Appreciating Differences - Jack Falt - Ottawa area, Ontario, Canada

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Article for APT Canada by Jack Falt, INFJ

Lifelong Learning

Even if it is something we would like to do but don’t quite seem to get around to doing very much about, lifelong learning is so necessary for both our personal and professional growth. Every  professional book I read I find I gain new insights about myself. It has been exciting to have grown up in these times when there is so much happening in the “mind technology” field. I started in high school guidance just at a time when it was coming into vogue. I’ve gone through Rodgers’ Non-Directive Counselling, Group Dynamics, Transactional Analysis, Gestalt, Parent Effectiveness Training, Neuro-Linguistic Programming, Personality Dimensions®, True Colors® and MBTI®. As an NF I was constantly seeking that final answer to solve all of my personal problems and the problems of everyone else that came anywhere near me.

I certainly gained personally from all of my training, and I learned that even if I had some of the answers to the problems of others, that very few would listen to my advice. Instead, I learned to listen to other people, and sometimes I could slip in a bit of helpful counsel. Now I am within a few months of officially being a senior citizen. I’ve come to conclusion that to be very effective, you have to try to become all that you can be. If you help others along the way, that just a bonus.

The exciting thing about the field of psychology is that there are constantly new practical ideas coming out. NFs have a built-in urge to discover new ideas about the self. Other temperaments need to activate that hidden NF inside themselves to keep discovering what is out there.

For some, temperament and type are only a small part of their working world. For others their main focus is on these worlds of preferences. I wish I knew back then what I know now about personality. As someone who has always been greedy about getting all the books possible on any subject that interests me, I have been collecting and reading practically every book that is on the market on type and temperament. Writing book reviews on these books and related materials has given me the added impetus to get at the reading right away rather than setting it aside for later.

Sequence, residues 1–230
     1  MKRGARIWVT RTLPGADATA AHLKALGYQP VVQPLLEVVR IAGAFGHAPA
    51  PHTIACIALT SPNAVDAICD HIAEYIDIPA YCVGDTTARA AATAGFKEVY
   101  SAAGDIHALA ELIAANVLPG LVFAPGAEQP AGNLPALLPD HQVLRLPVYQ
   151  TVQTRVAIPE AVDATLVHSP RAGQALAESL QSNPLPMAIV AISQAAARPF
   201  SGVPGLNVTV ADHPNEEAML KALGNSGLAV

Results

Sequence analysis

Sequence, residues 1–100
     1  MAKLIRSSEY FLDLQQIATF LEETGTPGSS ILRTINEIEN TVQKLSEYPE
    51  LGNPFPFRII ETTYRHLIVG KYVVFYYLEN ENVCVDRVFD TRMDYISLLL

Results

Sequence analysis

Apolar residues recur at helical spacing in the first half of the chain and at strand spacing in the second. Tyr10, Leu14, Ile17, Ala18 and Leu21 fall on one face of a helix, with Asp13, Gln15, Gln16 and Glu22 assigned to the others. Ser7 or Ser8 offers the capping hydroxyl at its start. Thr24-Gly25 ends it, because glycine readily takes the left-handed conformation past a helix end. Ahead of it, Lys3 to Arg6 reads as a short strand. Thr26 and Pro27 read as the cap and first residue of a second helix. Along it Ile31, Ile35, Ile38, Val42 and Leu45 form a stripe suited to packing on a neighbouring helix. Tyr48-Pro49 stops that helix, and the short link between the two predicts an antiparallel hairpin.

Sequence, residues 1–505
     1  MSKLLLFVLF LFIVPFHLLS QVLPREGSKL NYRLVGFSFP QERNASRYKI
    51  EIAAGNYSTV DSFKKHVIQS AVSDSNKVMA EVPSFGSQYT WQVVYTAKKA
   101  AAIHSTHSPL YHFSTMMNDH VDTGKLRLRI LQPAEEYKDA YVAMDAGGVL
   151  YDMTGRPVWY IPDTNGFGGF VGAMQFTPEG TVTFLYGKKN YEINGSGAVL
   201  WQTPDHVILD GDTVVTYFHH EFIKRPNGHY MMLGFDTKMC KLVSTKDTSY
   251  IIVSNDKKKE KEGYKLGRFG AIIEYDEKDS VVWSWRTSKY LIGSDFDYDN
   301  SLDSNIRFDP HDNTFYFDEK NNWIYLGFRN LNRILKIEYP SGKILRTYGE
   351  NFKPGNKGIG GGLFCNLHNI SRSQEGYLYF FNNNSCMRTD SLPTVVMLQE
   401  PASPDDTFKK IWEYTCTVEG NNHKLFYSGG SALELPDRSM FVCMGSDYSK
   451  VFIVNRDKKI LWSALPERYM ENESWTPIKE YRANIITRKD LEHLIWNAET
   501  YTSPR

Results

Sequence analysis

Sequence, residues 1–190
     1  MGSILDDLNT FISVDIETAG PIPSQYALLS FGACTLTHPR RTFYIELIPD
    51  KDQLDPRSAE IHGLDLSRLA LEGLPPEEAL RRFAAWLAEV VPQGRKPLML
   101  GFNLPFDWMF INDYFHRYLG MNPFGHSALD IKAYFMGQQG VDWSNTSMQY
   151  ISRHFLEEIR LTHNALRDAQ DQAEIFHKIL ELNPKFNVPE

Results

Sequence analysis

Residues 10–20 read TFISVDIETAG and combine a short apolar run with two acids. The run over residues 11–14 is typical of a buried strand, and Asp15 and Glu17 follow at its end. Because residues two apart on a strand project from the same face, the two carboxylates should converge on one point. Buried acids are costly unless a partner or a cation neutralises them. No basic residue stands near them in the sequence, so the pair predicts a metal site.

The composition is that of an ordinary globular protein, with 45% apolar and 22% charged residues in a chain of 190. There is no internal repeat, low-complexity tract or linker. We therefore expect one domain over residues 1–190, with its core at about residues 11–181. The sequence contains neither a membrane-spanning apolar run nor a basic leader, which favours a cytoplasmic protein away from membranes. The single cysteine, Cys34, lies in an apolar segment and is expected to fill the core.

Now I must confess that my type and temperament work falls into the expensive hobby category. I do have an ongoing group that studies these topics and do a few workshops each year; but I don’t make a full time living from these endeavours. So I have more time to indulge my hobby of reading and attending conferences and workshops.

Each year I am discovering new ways to apply type and temperament to all aspects of life. Look on my web site ( to see the list of topics I have found so far.

One of the members of my group sets a goal of spending 10% of his gross income on his professional development that includes going to conferences, taking workshops and reading books in his field. It sounds like a worthwhile plan to me.

This newsletter is one way to help keep you abreast in the field of Psychological Type. Another is to attend the Ontario Association for Applied Personality Type (OAAPT) November Conference. Order a few books from a distributor of MBTI® books. Set aside the time and money to attend one of the many excellent training programs that are offered here in Canada. Consider taking the Personality Dimensions® or the Temperament Research Institute Methodology™ Class course to learn about the value of temperament  and how it is the foundation of the motivation for our behaviour and an immense help in finding our type ‘true fit.’

The next time you are in Chapters, that old guy browsing in the Psychology section could be me!

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List of Articles by Jack Falt